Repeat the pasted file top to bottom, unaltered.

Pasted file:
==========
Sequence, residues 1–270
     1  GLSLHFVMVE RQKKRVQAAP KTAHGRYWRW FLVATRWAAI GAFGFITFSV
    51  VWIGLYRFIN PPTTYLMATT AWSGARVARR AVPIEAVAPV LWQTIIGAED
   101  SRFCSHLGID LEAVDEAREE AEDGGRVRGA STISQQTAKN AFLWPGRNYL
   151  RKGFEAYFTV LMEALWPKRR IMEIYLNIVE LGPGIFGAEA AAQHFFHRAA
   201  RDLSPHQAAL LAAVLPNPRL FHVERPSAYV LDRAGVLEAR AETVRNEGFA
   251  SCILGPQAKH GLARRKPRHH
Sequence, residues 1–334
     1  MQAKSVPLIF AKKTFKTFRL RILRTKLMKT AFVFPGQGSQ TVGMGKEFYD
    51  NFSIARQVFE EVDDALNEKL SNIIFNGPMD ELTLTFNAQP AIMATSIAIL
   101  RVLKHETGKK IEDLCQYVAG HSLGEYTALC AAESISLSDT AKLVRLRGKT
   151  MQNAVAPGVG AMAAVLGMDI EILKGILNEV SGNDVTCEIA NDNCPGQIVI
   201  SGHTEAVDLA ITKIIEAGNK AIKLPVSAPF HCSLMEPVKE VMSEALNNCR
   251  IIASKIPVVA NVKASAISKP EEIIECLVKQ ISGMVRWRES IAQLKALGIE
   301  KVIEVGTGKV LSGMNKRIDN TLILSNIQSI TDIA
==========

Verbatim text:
Sequence, residues 1–270
     1  GLSLHFVMVE RQKKRVQAAP KTAHGRYWRW FLVATRWAAI GAFGFITFSV
    51  VWIGLYRFIN PPTTYLMATT AWSGARVARR AVPIEAVAPV LWQTIIGAED
   101  SRFCSHLGID LEAVDEAREE AEDGGRVRGA STISQQTAKN AFLWPGRNYL
   151  RKGFEAYFTV LMEALWPKRR IMEIYLNIVE LGPGIFGAEA AAQHFFHRAA
   201  RDLSPHQAAL LAAVLPNPRL FHVERPSAYV LDRAGVLEAR AETVRNEGFA
   251  SCILGPQAKH GLARRKPRHH
Sequence, residues 1–334
     1  MQAKSVPLIF AKKTFKTFRL RILRTKLMKT AFVFPGQGSQ TVGMGKEFYD
    51  NFSIARQVFE EVDDALNEKL SNIIFNGPMD ELTLTFNAQP AIMATSIAIL
   101  RVLKHETGKK IEDLCQYVAG HSLGEYTALC AAESISLSDT AKLVRLRGKT
   151  MQNAVAPGVG AMAAVLGMDI EILKGILNEV SGNDVTCEIA NDNCPGQIVI
   201  SGHTEAVDLA ITKIIEAGNK AIKLPVSAPF HCSLMEPVKE VMSEALNNCR
   251  IIASKIPVVA NVKASAISKP EEIIECLVKQ ISGMVRWRES IAQLKALGIE
   301  KVIEVGTGKV LSGMNKRIDN TLILSNIQSI TDIA